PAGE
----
- Garnacho-Montero J, Aldabo-Pallas T, Garnacho-Montero C, Cayuela A, Jimenez R, Barroso S, Ortiz-Leyba C: Timing of adequate antibiotic therapy is a greater determinant of outcome than are TNF and IL-10 polymorphisms in patients with sepsis. Crit Care. 2006, 10 (4): R111-10.1186/cc4995.View ArticlePubMedPubMed CentralGoogle Scholar
- Stoll BJ, Hansen NI, Higgins RD, Fanaroff AA, Duara S, Goldberg R, Laptook A, Walsh M, Oh W, Hale E: Very low birth weight preterm infants with early onset neonatal sepsis: the predominance of gram-negative infections continues in the National Institute of Child Health and Human Development Neonatal Research Network, 2002-2003. Pediatr Infect Dis J. 2005, 24 (7): 635-639. 10.1097/01.inf.0000168749.82105.64.View ArticlePubMedGoogle Scholar
- Lopez Sastre JB, Fernandez Colomer B, Coto Cotallo GD, Ramos Aparicio A: Trends in the epidemiology of neonatal sepsis of vertical transmission in the era of group B streptococcal prevention. Acta Paediatr. 2005, 94 (4): 451-457. 10.1080/08035250410025302.View ArticlePubMedGoogle Scholar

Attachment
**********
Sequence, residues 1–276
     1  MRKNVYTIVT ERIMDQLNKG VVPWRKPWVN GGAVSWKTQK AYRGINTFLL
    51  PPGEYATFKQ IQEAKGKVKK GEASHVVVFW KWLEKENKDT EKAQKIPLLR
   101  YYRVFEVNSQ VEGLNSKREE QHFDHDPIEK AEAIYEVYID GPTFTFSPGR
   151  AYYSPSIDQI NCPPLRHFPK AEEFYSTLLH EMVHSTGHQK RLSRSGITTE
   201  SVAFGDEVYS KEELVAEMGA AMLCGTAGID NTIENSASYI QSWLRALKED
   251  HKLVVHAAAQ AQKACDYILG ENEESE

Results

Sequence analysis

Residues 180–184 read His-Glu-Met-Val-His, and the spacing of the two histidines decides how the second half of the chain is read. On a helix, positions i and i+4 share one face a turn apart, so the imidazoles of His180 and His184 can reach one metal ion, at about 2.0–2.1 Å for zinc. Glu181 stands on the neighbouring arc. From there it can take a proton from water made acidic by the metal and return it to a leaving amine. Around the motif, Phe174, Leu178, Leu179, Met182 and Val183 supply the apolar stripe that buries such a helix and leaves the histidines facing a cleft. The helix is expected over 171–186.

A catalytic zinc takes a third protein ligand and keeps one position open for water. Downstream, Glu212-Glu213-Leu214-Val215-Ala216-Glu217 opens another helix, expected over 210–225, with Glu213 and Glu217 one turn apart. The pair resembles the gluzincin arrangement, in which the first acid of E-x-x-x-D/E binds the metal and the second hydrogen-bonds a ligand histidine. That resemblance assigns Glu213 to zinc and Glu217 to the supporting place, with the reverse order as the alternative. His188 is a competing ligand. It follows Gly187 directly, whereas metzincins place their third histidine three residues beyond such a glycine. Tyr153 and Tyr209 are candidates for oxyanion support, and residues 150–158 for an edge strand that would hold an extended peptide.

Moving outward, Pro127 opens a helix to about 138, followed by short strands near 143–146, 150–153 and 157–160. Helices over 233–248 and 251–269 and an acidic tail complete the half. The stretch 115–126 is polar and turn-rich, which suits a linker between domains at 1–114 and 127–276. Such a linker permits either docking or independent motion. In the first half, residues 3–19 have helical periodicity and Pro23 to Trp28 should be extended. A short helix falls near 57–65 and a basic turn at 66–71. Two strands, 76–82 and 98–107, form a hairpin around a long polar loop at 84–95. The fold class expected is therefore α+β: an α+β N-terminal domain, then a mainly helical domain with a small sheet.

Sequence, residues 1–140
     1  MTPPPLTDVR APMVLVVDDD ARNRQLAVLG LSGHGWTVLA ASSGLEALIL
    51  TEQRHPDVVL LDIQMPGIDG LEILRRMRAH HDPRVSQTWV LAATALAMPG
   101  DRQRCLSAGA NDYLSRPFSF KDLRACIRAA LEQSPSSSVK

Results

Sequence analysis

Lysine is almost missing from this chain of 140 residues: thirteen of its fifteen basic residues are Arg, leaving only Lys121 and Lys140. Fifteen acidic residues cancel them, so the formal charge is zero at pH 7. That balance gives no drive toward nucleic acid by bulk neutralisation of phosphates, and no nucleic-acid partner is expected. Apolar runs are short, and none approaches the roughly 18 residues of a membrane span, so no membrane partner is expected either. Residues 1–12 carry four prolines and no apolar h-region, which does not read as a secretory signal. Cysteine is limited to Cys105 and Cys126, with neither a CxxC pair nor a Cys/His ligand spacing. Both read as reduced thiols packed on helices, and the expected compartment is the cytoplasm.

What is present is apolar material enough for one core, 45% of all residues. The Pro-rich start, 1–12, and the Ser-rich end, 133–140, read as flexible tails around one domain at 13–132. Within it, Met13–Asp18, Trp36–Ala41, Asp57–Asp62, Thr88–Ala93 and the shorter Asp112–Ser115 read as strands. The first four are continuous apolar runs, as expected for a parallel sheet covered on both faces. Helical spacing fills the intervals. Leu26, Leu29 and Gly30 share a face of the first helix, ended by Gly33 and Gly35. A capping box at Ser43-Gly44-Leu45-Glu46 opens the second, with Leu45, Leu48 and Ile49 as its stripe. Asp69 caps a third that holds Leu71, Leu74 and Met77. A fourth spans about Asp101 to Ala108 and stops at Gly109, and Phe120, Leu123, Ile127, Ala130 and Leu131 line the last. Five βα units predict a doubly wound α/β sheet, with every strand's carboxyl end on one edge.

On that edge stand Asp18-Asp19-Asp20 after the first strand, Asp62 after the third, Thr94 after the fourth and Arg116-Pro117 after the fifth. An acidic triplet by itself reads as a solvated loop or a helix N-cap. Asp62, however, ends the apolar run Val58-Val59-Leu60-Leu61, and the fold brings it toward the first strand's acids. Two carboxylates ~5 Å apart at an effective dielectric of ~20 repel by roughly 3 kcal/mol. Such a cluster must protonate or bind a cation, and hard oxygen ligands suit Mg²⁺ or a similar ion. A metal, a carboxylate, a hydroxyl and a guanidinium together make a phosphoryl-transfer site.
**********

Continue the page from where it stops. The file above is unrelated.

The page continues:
- Clark RH, Bloom BT, Spitzer AR, Gerstmann DR: Empiric use of ampicillin and cefotaxime, compared with ampicillin and gentamicin, for neonates at risk for sepsis is associated with an increased risk of neonatal death. Pediatrics. 2006, 117 (1): 67-74. 10.1542/peds.2005-0179.View ArticlePubMedGoogle Scholar
- de Man P, Verhoeven BA, Verbrugh HA, Vos MC, van den Anker JN: An antibiotic policy to prevent emergence of resistant bacilli. Lancet. 2000, 355 (9208): 973-978. 10.1016/S0140-6736(00)90015-1.View ArticlePubMedGoogle Scholar
- Mtitimila EI, Cooke RW: Antibiotic regimens for suspected early neonatal sepsis. Cochrane Database Syst Rev. 2004, CD004495-4Google Scholar